Elements of a Fairy Tales and Folktales The Wonderful Wizard of Oz by L. Frank Baum has been called “the first American Fairy Tale”; in Journey to Oz the story is considered “the greatest American Folktale.” Review the following elements of Fairy Tales and Folktales. Decide if the story leans more toward the genre of Fairy Tale or Folktale, or if it’s a combination of both! Fairy Tales are stories about magical and imaginary beings and lands which typically include the following:

Folktales are stories forming part of an oral tradition which typically include the following:

1. Special beginning/ending words (such as “Once Upon a Time...”) 2. The main character has to solve a problem 3. Good prevails over evil 4. The story contains a component of royalty 5. The story contains a component of poverty 6. Magic elements or enchantments 7. Recurring patterns or numbers (often 3’s and 7’s) 8. Offers a lesson or universal truth

1. 2. 3. 4.

Vocabulary Enrichment tyrant stern solemn anxiously legion succinct

demise revenge screech fiend cowardice dazzle

official decree sorceress guild mourn confront antagonist

5. 6. 7. 8.

Are passed down from generation to generation Used to help explain the world around us Hero or heroine is usually young Hero or heroine is usually caring, honorable and courageous Main character has to rely on brains to solve a problem rather than relying on magic The action of the story follows a pattern Author is often unknown Tells of universal truths, lessons and values

enchantment oppressed horrid trial cohort wonderment

The play references the slippers that appear on Dorothy’s feet after her house lands in Oz. Are they red or are they silver? In the original book, the slippers are silver. The film adaptation made in 1939 was one of the first movies to use Technicolor. To emphasize the use of color in the movie, the silver shoes became bright red ruby slippers.

Common Core Standards for English Language Arts and Literacy SL2: Ask and answer questions about key details in a text read aloud or information presented orally or through other media. SL.K-5.4: Determine or clarify the meaning of unknown and multiple-meaning words and phrases.

Book Illustrations on the Stage

Illustrator and caricaturist W.W. Denslow lived from 1856 to 1915. He created the illustrations for The Wonderful Wizard of Oz book; several of his illustrations are featured in the stage production of Journey to Oz. Denslow worked with L. Frank Baum on two other books before their professional relationship dissolved following an argument over the royalties for the 1902 stage adaptation of Oz. After their collaboration ended, Denslow went on to purchase a small island in Bermuda and crown himself King Denslow I. In almost every picture in Oz and other works, Denslow includes a picture of seahorse next to his signature. Similarly, a talented scenic painter at Children’s Theatre of Charlotte includes the name of his cat (Simoon) on every theatrical set he paints. Both the seahorse and the word Simoon are painted on the set of Journey to Oz.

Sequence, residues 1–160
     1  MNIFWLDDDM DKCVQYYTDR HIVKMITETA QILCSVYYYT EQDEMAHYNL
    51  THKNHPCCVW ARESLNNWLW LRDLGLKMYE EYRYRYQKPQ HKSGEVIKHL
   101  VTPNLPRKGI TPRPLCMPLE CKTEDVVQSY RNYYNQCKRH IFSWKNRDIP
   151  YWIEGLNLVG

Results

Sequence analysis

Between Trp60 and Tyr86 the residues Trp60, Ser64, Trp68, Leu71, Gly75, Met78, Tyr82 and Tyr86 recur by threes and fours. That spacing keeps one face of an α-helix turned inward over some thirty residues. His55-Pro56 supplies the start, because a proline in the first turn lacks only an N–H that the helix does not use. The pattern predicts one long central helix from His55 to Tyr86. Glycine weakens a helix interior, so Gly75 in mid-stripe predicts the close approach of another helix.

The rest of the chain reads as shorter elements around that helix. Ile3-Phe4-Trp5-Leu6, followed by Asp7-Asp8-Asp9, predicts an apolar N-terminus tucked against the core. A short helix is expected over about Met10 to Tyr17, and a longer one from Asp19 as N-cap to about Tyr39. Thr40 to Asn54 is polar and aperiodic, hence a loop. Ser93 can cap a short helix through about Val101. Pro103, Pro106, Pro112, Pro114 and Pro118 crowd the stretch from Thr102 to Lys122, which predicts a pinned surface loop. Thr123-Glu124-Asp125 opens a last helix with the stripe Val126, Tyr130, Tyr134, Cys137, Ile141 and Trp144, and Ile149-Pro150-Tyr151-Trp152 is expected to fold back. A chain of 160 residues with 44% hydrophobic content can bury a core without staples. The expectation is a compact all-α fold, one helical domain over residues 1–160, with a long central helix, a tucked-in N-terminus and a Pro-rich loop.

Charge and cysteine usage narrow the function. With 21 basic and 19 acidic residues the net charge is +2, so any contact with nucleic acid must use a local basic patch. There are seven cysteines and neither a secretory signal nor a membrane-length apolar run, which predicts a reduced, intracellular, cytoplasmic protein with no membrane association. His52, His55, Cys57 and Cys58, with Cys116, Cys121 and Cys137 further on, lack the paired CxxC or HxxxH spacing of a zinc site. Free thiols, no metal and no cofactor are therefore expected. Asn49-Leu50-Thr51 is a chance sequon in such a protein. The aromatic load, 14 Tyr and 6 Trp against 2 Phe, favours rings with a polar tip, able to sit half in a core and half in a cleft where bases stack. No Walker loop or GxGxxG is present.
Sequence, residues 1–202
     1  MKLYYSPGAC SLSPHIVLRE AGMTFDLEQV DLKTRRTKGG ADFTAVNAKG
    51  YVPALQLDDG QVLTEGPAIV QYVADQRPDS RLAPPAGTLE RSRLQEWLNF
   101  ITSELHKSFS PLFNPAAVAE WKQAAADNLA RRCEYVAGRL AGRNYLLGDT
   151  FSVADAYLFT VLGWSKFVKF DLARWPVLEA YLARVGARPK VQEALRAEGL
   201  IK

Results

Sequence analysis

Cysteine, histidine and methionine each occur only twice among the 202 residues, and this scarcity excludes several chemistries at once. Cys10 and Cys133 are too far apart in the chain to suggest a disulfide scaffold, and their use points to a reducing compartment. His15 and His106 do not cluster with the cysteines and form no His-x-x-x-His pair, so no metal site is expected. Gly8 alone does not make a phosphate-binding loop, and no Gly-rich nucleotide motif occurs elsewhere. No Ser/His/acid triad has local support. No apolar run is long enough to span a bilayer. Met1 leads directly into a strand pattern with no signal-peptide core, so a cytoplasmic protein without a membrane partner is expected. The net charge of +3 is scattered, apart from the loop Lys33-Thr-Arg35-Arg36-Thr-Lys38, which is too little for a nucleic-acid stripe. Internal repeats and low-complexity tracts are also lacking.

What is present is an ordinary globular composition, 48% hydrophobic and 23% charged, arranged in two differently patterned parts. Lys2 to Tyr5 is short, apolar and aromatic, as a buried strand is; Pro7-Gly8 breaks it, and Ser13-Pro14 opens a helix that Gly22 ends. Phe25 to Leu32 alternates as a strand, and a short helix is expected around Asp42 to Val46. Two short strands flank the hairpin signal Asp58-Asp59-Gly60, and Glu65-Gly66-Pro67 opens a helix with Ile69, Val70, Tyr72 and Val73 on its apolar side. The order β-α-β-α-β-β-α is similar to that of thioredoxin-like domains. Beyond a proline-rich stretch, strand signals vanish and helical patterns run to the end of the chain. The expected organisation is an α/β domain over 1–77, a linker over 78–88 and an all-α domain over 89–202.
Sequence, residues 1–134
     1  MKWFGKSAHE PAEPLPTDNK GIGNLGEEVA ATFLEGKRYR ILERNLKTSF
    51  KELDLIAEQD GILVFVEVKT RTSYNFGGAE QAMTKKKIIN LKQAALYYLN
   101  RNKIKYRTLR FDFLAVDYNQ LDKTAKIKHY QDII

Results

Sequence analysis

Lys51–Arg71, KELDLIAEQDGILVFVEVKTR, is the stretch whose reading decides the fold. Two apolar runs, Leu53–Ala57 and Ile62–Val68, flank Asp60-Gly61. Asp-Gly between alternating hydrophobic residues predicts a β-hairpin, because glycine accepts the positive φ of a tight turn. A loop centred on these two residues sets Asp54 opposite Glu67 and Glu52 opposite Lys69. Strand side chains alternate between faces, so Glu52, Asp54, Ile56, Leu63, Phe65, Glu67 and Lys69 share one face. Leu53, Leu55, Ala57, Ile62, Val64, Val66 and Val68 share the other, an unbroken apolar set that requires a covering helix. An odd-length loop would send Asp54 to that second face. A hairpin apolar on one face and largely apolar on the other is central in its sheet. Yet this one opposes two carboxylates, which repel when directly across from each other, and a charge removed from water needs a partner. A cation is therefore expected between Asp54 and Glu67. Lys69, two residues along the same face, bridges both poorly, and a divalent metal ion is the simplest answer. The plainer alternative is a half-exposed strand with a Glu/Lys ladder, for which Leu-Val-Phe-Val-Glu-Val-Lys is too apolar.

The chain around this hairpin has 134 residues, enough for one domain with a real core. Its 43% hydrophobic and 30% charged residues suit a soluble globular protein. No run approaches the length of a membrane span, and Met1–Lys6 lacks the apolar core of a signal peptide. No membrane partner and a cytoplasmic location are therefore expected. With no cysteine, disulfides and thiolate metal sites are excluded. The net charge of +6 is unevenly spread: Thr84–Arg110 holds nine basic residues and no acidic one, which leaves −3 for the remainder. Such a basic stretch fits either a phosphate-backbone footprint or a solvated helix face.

Children’s Theatre of Charlotte • Teacher Resource Guide • www.ctcharlotte.org

Natural Disasters in Oz Stories In Journey To Oz, the players explore the idea that “there is no other way for people to travel to this mystical land of Oz except through some violent and dangerous means. The start of an adventure is an adventure in and of itself.” Examples of natural disasters that propelled characters into the Land of Oz include: Book 4—The earth split into a great crack… (an Earthquake) Book 8—They fell through a volcano… Book 10—Swept away by a tidal wave… Book 13—They spied a cave after the dust had cleared from the harrowing avalanche… What other natural disasters brought characters to the Land of Oz? Why do you think L. Frank Baum used this convention in many of his stories? Brainstorm other events that could transport characters to a fantasy world.

Geography Activity: Map of Oz The Map of the Marvelous Land of Oz was drawn by (the fictional) Professor H. M. Wogglebug, T.E., in 1914. The most curious aspect of this map is the little known fact that East and West are reversed in Oz. You will notice that Munchkin Country is in the East, but is also on the left hand side of the map--while the western Winkie Country is on the right hand side. In 1980, the map was recreated by James Haff and Dick Martin, with Munchkin Country on the right side of the map and Winkie country on the left side of the map so that Oz would have familiar east/west orientation. For purposes of this activity, we will refer to the original map which is pictured below. Note the compass rose which indicates east to the left and west to the right.